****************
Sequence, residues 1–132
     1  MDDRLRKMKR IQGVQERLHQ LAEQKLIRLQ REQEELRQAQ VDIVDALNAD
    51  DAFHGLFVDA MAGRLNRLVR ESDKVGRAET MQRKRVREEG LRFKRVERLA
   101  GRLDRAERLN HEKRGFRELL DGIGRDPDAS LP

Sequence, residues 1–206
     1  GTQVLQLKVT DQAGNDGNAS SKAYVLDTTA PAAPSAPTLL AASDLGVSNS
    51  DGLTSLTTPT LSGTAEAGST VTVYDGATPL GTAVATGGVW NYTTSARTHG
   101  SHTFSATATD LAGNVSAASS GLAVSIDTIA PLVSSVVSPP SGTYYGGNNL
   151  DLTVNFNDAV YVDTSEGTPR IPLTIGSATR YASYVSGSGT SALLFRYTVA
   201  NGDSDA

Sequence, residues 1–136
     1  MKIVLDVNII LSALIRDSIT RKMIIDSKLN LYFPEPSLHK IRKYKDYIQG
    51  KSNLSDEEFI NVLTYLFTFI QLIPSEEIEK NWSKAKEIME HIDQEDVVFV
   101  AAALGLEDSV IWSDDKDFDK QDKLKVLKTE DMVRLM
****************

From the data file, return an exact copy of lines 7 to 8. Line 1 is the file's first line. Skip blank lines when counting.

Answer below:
    51  DGLTSLTTPT LSGTAEAGST VTVYDGATPL GTAVATGGVW NYTTSARTHG
   101  SHTFSATATD LAGNVSAASS GLAVSIDTIA PLVSSVVSPP SGTYYGGNNL